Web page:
How Josie Bones Cracked It For Us

So many times we have driven past an area and said “We really must try the restaurants around here.” And never get around to it.  Well, we finally do this time.

One Saturday night, hubby Dean is scheduled to drum at a jazz gig but is replaced due to some communication problem. I had already arranged a sitter for our son, Harvey, so we don’t want to waste the opportunity. We hop on a tram down Smith Street, Collingwood and get off just before Gertrude Street.  At night, this area just buzzes with bars and restaurants.  It’s quite amazing how places can look so different day and night.  Restaurants, bars and clubs light up with flashy neon signs. People laughing and wandering about looking at menus on restaurant windows, peering into places deciding whether this is the place or not to head into.

One of the true pleasures in life is stumbling upon places that surprise you.

Apart from the name (which according to the website, is the name of the mother of one of the owner’s friends), the first thing you notice about Josie Bones as you approach the front doors are the handles.  Metal pig trotters pointing towards you inviting you to shake its “hand” before you enter.

Josie Bones door handles

Josie Bones door handles

Once seated, you cannot help but be overwhelmed by this massive image on the wall above the bar, outstanding in many ways. “Is it an erotic image of a pig lying on its back?” we wonder. After all, we are in a place promoting the humble pig. The waitress satisfies our curiosity by letting us know it is actually a rabbit. It’s a talking point but not being into erotic images of rabbits, it is the one thing that unsettles me a little. Still, cannot help looking at it.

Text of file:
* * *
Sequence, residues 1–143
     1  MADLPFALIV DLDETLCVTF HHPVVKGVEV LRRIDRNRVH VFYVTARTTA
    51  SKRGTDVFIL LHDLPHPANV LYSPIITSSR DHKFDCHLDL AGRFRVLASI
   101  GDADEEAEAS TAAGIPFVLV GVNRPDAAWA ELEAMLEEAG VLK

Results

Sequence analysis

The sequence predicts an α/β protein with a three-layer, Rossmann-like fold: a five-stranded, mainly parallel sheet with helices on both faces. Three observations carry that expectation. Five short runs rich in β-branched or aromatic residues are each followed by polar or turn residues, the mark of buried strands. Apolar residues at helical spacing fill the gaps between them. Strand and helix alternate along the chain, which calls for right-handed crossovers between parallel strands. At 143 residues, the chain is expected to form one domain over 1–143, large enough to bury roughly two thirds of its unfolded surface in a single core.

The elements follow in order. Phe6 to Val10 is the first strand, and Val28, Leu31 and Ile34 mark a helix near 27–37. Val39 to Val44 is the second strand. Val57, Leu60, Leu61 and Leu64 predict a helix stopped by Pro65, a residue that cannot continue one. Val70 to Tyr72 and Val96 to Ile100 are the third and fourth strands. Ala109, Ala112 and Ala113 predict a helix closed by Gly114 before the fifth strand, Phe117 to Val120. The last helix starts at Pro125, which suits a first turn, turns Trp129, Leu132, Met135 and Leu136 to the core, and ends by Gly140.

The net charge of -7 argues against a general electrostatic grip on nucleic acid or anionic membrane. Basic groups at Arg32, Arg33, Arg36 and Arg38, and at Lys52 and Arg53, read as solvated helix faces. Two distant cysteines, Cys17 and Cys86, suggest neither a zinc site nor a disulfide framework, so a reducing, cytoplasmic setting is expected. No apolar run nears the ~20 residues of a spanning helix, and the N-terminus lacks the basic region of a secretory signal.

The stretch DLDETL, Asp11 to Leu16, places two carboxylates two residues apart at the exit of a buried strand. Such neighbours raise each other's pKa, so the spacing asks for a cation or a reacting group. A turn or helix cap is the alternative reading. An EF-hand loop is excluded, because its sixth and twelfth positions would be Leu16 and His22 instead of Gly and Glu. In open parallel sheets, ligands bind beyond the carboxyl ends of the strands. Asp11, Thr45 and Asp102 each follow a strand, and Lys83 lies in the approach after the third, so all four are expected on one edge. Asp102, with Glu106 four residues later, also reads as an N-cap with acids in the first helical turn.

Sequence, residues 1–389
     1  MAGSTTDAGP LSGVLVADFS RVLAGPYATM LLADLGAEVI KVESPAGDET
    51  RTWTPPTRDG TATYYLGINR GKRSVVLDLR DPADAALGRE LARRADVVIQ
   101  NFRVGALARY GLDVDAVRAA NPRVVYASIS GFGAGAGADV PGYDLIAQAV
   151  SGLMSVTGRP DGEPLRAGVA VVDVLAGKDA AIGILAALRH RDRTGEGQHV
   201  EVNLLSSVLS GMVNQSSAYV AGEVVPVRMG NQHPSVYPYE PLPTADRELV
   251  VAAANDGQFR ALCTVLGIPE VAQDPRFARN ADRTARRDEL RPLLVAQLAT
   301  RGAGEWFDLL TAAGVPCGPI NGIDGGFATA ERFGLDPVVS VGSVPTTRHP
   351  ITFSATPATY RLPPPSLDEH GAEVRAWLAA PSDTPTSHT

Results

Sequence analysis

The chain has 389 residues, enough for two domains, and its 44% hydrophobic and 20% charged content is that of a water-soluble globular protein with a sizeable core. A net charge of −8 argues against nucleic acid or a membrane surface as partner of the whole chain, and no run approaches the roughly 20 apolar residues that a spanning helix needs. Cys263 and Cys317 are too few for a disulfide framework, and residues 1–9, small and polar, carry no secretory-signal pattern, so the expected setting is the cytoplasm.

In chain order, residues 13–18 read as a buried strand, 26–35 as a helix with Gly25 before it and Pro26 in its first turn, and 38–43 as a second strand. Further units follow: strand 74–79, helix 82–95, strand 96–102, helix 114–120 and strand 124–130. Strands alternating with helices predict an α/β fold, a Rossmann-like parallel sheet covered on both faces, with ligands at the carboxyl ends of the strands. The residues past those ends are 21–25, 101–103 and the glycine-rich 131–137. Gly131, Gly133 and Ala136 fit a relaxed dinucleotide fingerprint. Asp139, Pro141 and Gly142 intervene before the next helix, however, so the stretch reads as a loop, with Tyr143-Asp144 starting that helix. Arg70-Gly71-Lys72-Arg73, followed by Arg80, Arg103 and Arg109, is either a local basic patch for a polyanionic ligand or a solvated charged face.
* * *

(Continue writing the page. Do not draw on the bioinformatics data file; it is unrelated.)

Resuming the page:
Josie Bones skinned rabbit above the bar

Josie Bones skinned rabbit above the bar

Below to the right of the rabbit is a count of how many people they have converted into beer drinkers and how many people they have converted into meat eaters.  The beer drinker conversion rate is much higher, as expected. But does it mean that they have got a person to drink a whole glass of beer or have a sip?  Does it mean a vegetarian has tasted some prosciutto?  I plan to ask for clarification next time we go.

By 7pm, there is no spare seat in the house.  It’s packed with couples on dates holding hands across tables, families with big and little kids, friends catching up and, interestingly, Asian tourists.

Josie Bones is another one of the places boasting tasting plates and grazing food. You would think that by now we would be sick of this concept but it really does work because what’s the point of going somewhere if you can’t try EVERYTHING on the menu.  And I reckon if you were in a group of 8 or more, you can actually do this. I must also mention that Josie Bones is about beer, serving 250 plus kinds.  Lucky Dean, indifferent me! Seems beer is the new wine these days.

Josie Bones slow roast pork shoulder